… a financial opportunity @ the Battersea Power Station

The Battersea Power Station has a rather turbulent history and its present continues to be equally eventful. Designed by Theodore Halliday and Giles Gilbert Scott in 1929, it was built in two phases. The first one was finished in the early 30’s and and was true to the era’s prominent style, Art Deco. The second phase was finished in the 50’s and was a mirror image of the first half but apparently not as luxurious in finishes and interior design. The power station was shut in the late 70’s and soon after, during the early 80’s it was listed Grade II which is defined as “ particularly important building of more than special interest”. However, since then nothing has been done to restore or simply preserve it. It has been passed from one owner to the other and eventually all ambitious master plans that aimed to turn profit from the industrial icon of a building, sunk monumentally.

first photo: Power Station’s first phase 1938,wikipedia/middle picture:Riba Library photos,published in Architects’ Journal 08.12.11

It has been proposed to be turned into a industrial museum, a fun park, a shopping centre, a conference centre, a cultural centre -also referred to as a mini Barbican- a theatre, a hotel, an office complex, a multiplex cinema and more recently a housing project. The fate of the building has also been tied to Northern line’s extension as any investor seeking to take advantage of the Power station is expected to fund it (estimated 200 million pounds). During all these years that the ownership of the Power station has been turned from one covetous owner to the other and the hopes of re-use have been rising and falling like a roller-coaster, the building has been steadily deteriorating. The escalation of its decline peaked when its roof was demolished in 1989 in order to remove machinery from the interior and since then the steel framework has been rotting because its foundations frequently flood.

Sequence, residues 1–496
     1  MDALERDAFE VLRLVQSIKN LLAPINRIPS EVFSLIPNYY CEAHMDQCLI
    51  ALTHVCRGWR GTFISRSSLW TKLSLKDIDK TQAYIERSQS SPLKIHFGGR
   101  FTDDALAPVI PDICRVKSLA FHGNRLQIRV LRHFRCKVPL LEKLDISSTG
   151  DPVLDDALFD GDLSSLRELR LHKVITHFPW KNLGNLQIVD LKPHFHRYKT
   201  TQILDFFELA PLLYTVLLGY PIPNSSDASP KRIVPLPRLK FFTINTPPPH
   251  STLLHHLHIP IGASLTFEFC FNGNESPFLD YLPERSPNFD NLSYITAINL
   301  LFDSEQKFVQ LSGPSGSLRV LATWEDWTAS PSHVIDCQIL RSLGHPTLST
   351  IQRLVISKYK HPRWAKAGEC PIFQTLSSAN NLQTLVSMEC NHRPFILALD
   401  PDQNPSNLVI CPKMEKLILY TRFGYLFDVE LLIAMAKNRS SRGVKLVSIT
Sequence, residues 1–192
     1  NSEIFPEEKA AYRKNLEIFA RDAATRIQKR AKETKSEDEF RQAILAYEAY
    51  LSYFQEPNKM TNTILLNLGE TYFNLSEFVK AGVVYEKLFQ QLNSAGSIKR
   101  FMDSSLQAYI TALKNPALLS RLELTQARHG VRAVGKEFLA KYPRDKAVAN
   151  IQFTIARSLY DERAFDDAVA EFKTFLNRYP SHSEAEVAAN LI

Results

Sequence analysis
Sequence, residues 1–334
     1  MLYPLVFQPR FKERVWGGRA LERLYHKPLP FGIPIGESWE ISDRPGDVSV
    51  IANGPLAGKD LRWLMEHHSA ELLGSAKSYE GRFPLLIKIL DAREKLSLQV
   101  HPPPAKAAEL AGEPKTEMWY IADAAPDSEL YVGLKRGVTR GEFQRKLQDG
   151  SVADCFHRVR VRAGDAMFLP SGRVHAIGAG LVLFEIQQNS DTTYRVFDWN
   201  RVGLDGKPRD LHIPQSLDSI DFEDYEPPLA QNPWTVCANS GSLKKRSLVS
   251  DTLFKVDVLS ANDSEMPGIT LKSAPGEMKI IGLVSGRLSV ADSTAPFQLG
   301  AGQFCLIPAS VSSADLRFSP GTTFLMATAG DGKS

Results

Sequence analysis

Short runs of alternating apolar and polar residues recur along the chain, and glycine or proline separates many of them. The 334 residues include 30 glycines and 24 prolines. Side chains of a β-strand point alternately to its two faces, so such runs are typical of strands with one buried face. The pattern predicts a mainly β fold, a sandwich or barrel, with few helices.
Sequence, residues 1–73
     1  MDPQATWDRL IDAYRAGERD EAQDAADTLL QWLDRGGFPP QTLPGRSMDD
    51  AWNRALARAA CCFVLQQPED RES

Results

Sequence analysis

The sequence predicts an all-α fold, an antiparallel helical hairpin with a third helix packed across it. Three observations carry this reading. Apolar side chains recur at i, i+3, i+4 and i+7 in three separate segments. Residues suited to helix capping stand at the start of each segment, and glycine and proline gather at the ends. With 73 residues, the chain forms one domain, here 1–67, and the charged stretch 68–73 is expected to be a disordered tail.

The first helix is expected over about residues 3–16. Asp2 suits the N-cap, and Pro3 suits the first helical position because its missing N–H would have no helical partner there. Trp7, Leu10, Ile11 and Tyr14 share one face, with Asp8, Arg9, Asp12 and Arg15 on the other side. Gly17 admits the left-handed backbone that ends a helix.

Battersea Power station present state

The building gradually reached a critical state and even RIBA’s former president, Maxwell Hutchinson (regardless of getting planning permission to turn the Power station into an exhibition centre in the 90’s) recently suggested that the four chimneys should be preserved and the rest of the building demolished. However the four chimneys, according to the latest owner of the site Real Estate Opportunities, might collapse at any point due to strong wind hence they should be brought down and rebuilt for health and safety reasons. Naturally there are doubts about the chimneys ever being replaced if they were demolished, the same way that the roof was never rebuilt.

Ironically, the Power station does not face the danger of being mutilated by the developer for its own good any more. In mid-December 2011 REO failed to repay debts of £501 millions to its creditors, Lloyds Banking Group and Ireland’s National Management Asset Agency (NAMA) therefore the latest housing proposal seams unlikely to ever break ground.

top left: REO’s latest proposal / top right and bottom left Grimshaw/Parkview proposal / bottom right Ron Arad Architects’ luxury hotel on top of the power station proposal

The Battersea Power Station’s future continues to be literally unstable. Since it was listed the intention to preserve it as an industrial architectural monument somehow has lead to the exact opposite result, its deterioration. Or rather the fact that it is listed has turned it into a potential money-making opportunity for those who want to take advantage of it. So is the ‘regeneration’ of the building’s surroundings the only possible solution to the power station’s problem? The gentrification of the area is a very high price to pay in order for the building not to collapse.

first photo: ‘Animals’ Pink Floyd album cover / second photo: Hawkwind’s Quark, Strangeness and Charm album cover

The Battersea Power station community group however believes that the building should be returned to the public sector and its repairs should be funded by the Heritage Lottery Fund.The community group has developed a very interesting proposal for the building’s possible uses from discussions through open community planning forum meetings. (http://www.batterseapowerstation.org.uk/bpscg.html)

Since the profit-turning regeneration scheme does not seem to work maybe the community’s suggestion should be finally considered. Capital-driven proposals have always been the prevailing solution to such problems. On the contrary, collectives and communities’ suggestions are seen as naïve and utopian when actually they have demonstrated a simpler and more effective way to sustain life.

you might want to check:

Battersea Power Station Community Group: http://www.batterseapowerstation.org.uk/


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